Nowhere is this imperative for engagement clearer than in the renewables industries. If renewables companies elect to keep a low profile, and in doing so become complicit in a creeping normalisation of Trumpism, the task of aspiring despots everywhere becomes easier. For their part, rightist populists can be sure that the fossil-fuel diehards that tend to support them will be neither quiet nor inactive. We already see this in the cast of White House appointees, and their early actions in power.
Early indicators of resistance are encouraging. A hundred tech companies joined US states taking Trump to court over his Muslim travel ban. Among them were Tesla and major renewables users Apple, Google and Microsoft. Thousands of their employees rallied against the ban in Silicon Valley. Individual companies have spoken out. Siemens employs more than 50,000 people in the US, and has invested more than €30bn there over the past 10 years. But still its CEO felt compelled to criticise Trump’s unpresidential “noise”, attacks on the press, and proposed Mexican wall, making the obvious point that “America has become great because of immigrants”. Individual investors have also spoken out. Trump bludgeoned through the North Dakota Access oil pipeline with an executive order. But major investor Nordea simply banned its fund managers from investing in it.
Others must speak out and use their money like this. There is safety in numbers, and great danger for all in taking the easy option of silence. Down that road lies diminished talent pools, shrivelled business prospects, wasted investment capital, and much worse.
Some readers may think I am overstating a bit of demagoguery in modern politics. But people in the heart of the Establishment share my view. Martin Wolf, Chief Economics Editor at the Financial Times, is among those warning how easily Trump the demagogue can morph into Trump the despot. George Soros calls Trump a “would-be dictator”.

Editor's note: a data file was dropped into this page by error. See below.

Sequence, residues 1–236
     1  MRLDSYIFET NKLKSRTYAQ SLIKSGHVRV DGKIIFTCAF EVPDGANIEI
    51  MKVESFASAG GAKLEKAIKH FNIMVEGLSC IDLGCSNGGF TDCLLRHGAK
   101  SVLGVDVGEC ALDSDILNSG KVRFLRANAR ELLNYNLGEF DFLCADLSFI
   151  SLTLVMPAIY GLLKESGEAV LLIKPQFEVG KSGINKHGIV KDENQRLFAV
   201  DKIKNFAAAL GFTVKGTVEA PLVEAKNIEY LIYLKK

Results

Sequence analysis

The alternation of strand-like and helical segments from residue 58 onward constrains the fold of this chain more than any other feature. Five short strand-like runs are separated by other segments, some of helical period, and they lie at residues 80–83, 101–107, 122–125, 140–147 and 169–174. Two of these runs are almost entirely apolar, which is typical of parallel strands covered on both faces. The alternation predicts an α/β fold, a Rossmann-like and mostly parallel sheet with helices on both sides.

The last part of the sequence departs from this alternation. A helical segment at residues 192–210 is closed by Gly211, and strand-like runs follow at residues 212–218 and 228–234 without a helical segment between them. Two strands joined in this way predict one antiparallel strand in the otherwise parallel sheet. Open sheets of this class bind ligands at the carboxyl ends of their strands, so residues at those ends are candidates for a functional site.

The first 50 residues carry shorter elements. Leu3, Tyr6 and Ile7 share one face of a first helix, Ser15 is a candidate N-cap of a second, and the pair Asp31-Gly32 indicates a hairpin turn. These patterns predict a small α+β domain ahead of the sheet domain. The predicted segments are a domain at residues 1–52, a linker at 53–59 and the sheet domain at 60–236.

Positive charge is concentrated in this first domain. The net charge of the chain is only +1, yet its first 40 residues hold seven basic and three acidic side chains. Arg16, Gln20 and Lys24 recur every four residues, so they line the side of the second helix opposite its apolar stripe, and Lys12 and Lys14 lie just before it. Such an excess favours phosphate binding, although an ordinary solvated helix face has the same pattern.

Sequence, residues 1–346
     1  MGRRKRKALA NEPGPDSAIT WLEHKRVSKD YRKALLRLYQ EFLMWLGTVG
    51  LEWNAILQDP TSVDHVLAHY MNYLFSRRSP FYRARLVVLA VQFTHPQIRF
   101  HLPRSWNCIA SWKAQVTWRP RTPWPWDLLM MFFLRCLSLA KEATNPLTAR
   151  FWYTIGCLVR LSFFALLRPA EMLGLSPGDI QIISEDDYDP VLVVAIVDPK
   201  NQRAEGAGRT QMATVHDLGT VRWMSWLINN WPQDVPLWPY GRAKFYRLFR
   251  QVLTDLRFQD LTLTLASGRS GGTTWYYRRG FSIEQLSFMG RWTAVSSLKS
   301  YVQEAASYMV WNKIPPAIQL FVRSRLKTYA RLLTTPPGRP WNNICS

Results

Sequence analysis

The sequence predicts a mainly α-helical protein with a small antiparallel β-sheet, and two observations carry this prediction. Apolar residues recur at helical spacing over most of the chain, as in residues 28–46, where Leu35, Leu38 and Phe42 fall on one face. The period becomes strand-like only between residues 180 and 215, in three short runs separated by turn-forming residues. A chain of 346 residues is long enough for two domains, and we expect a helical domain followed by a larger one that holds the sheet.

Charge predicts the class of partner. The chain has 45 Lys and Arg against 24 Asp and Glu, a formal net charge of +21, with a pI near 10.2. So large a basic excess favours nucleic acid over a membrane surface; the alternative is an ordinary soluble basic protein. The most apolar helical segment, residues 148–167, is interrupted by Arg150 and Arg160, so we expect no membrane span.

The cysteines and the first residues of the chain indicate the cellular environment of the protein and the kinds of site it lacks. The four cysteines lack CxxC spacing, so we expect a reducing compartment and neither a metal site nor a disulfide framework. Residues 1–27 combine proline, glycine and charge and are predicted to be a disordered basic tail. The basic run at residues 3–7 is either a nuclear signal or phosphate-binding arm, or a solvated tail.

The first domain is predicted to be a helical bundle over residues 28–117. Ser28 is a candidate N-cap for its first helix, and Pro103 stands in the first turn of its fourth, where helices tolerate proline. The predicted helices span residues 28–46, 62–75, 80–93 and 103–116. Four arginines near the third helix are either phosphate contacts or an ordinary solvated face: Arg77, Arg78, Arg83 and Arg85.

Consider the worrying people the President has appointed around him. Stephen Bannon, his chief strategist, is a far right thinker with an apocalyptic vision of the future who now finds himself and his nationalist, anti-Islamic, views on the National Security Council. He is backed by a “weaponised AI propaganda machine”, as journalists at Scout call it, demonstrably able to manipulate beliefs on an industrial scale. One of the figures Bannon is prepared to cite, as he did in a speech skyped into to a fringe Vatican conference in 2014, is a long dead Italian philosopher named Julius Evola, a man revered as a godfather by many Italian fascists. Evola broke with Mussolini and his supporters because he considered them too tame. His vision involved a bourgeoisie-smashing new order of white supremacists that he called - wait for it - the Solar Civilization.
These days, so much of real life is stranger than the inventions of fiction. And how strange it is indeed to read the tenets of the fascist philosophy of a man known to and cited by the chief strategist of the President of the United States. This is how fast we are all having to relearn the narratives relevant to anchoring our world views in 2017.
The Solar Civilization indeed! That is a most wholly unsuitable label for a hate-filled fantasy of racial purity.
I call upon all citizens in the renewables industries - leaders, employees, and investors alike - to articulate a clear vision of what a true Solar Civilization would look like. And then to fight for it hard in the year ahead.